About the message error, I have a theory but I have no idea how probe it. Let me explain it. As I mention before, I have cuberite running in an amazon free account, the instance for this account have only one Xeon E5 core, just one, and only 1Gb of ram, so with a pregenerated distance of 200 cuberite need a lot of memory forcing the OS to swap everything else, even cuberite pages if the aren't locked to memory. When cuberite need some of this info, the CPU is can't take it back before the dead lock detection raise an alert. For these reason the error message only appear on amazon instance and not in my laptop with 4 cores and 8Gb ram.

What do you think?

Regards
Trungus
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#6
That's very unlikely to be the cause. The error messages are not from the deadlock detector doing its work, they are from the cleanup phase, when the deadlock detector is being terminated as part of the server shutdown. Let me explain in more detail:
Our deadlock detector works by checking whether each world's clock (game tick) gets incremented at least once during the pre-set interval (20 seconds by default). If it doesn't, the detector considers this a deadlock and aborts the server. At the time of the abort, it also writes some useful information to the console, part of which is which mutex (CriticalSection / CS in our Windows-originated terminology) is locked by which thread - this usually points directly at the deadlock loop. Because there's no generic way to enumerate all mutexes used by a program, we use manual registation - hand-selected mutexes get registered with the deadlock detector upon their creation, and unregistered upon their destruction. And the messages you get mean that the detector is being destroyed while some of the mutexes haven't unregistered yet. Since the deadlock detector is destroyed very late in the server shutdown sequence, I believe it has no negative impact on the data (nothing should get lost in the world saves or player saves), even if it means some problem with the code. Also it means I have no idea what could be causing this, beside some really wild theories about exceptions.

Since you're building your own executable, you could probably help us out by compiling in Debug mode (-DCMAKE_BUILD_TYPE=Debug passed to cmake) and running the server under gdb within the Amazon instance, setting a breakpoint to the code that prints the error messages (src/DeadlockDetect.cpp, line 42) and getting a stacktrace of all the threads when that breakpoint is hit.
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#7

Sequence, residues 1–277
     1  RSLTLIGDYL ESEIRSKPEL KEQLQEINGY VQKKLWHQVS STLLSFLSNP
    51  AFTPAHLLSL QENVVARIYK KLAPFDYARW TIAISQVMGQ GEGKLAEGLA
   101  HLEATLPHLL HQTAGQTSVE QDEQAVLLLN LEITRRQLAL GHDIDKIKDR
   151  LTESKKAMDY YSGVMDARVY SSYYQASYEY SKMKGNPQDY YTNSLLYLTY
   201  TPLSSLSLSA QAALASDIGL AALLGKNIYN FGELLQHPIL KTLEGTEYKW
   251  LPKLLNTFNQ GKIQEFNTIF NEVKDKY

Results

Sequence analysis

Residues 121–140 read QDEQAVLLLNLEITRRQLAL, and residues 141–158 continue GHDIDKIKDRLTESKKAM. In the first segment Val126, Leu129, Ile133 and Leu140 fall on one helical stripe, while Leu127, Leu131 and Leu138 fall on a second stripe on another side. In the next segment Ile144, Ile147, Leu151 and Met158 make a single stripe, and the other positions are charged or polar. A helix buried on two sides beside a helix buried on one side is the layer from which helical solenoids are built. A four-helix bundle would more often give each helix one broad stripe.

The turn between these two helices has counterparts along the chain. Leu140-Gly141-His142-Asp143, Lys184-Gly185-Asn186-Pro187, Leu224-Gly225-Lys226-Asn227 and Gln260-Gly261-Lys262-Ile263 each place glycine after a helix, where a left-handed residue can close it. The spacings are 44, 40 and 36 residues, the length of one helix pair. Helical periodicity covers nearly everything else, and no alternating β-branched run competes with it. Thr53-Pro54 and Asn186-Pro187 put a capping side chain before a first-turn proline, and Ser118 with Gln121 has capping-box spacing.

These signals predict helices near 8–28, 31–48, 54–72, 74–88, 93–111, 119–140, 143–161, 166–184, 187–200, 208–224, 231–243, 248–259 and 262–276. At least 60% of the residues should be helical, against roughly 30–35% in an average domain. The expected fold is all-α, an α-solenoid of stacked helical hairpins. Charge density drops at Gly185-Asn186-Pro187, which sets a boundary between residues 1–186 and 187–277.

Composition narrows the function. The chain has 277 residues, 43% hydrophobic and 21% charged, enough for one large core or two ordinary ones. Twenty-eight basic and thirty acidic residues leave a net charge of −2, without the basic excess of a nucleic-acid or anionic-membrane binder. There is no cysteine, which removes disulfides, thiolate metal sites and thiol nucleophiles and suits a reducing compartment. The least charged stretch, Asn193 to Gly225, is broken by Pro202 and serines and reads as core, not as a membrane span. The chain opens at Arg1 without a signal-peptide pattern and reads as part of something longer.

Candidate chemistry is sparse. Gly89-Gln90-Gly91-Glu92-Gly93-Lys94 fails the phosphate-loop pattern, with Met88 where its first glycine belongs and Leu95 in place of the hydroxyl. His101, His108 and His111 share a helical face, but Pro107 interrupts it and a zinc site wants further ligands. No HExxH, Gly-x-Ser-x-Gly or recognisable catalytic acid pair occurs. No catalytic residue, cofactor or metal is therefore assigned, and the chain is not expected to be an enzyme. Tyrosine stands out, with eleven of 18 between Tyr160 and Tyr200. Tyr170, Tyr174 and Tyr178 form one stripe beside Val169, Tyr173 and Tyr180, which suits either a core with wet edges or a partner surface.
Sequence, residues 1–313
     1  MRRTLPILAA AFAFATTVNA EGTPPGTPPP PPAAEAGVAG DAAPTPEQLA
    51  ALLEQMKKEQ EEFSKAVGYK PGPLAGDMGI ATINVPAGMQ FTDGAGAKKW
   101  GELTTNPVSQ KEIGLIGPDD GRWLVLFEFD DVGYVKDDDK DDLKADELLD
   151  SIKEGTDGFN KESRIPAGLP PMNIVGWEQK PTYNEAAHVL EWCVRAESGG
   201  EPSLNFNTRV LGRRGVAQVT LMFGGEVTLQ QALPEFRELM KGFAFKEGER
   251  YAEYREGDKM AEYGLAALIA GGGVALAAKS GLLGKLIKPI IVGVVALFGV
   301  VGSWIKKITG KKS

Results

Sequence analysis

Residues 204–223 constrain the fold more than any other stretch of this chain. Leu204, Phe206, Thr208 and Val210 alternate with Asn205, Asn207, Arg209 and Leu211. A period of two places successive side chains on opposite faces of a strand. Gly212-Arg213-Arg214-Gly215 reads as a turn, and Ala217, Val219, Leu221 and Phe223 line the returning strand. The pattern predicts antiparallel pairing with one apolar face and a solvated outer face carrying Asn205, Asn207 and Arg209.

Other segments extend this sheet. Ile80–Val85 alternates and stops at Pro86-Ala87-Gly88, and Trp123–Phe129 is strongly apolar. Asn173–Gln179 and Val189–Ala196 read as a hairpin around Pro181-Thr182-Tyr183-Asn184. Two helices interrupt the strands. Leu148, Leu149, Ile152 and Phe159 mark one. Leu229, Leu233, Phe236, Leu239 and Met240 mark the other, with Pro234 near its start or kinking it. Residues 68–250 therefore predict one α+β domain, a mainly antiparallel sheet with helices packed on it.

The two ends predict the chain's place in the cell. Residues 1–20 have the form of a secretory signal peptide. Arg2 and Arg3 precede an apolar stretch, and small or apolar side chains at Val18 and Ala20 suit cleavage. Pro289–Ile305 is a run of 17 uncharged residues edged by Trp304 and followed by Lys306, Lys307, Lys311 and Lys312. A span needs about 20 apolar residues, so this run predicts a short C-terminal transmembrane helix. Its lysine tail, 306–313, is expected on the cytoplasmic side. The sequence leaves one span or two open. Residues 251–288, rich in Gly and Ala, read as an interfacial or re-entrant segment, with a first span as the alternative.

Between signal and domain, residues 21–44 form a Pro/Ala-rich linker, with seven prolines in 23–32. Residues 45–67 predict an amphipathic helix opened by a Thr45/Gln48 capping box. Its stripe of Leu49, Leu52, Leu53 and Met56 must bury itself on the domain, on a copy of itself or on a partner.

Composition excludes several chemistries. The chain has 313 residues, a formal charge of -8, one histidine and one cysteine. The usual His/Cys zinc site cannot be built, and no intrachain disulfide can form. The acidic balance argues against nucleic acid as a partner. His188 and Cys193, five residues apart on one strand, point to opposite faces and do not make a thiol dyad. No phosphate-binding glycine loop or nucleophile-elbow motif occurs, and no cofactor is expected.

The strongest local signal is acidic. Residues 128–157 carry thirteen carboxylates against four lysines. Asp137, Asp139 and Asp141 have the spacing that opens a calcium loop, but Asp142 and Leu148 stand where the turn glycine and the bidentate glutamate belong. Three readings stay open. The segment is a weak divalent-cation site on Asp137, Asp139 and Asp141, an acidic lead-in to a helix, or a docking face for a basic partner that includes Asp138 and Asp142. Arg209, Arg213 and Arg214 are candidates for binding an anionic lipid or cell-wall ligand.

(02-07-2018, 08:31 AM)xoft Wrote: That's very unlikely to be the cause. The error messages are not from the deadlock detector doing its work, they are from the cleanup phase, when the deadlock detector is being terminated as part of the server shutdown. Let me explain in more detail:
Our deadlock detector works by checking whether each world's clock (game tick) gets incremented at least once during the pre-set interval (20 seconds by default). If it doesn't, the detector considers this a deadlock and aborts the server. At the time of the abort, it also writes some useful information to the console, part of which is which mutex (CriticalSection / CS in our Windows-originated terminology) is locked by which thread - this usually points directly at the deadlock loop. Because there's no generic way to enumerate all mutexes used by a program, we use manual registation - hand-selected mutexes get registered with the deadlock detector upon their creation, and unregistered upon their destruction. And the messages you get mean that the detector is being destroyed while some of the mutexes haven't unregistered yet. Since the deadlock detector is destroyed very late in the server shutdown sequence, I believe it has no negative impact on the data (nothing should get lost in the world saves or player saves), even if it means some problem with the code. Also it means I have no idea what could be causing this, beside some really wild theories about exceptions.

Since you're building your own executable, you could probably help us out by compiling in Debug mode (-DCMAKE_BUILD_TYPE=Debug passed to cmake) and running the server under gdb within the Amazon instance, setting a breakpoint to the code that prints the error messages (src/DeadlockDetect.cpp, line 42) and getting a stacktrace of all the threads when that breakpoint is hit.

Hi xoft, I'm trying to set the breakpoint but, when I use the "l" command of gdb to go to cDeadlockDetect::~cDeadlockDetect(), I only get this message

37    in ../../../src/libgcc/config/i386/crtfastmath.c

Do you know which is the problem?
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#8
try "bt" and then "thread apply all bt", and possibly "info threads". (Taken from the "How to report crashes on Linux" thread, https://forum.cuberite.org/thread-631.html . I'm not too skilled at gdb)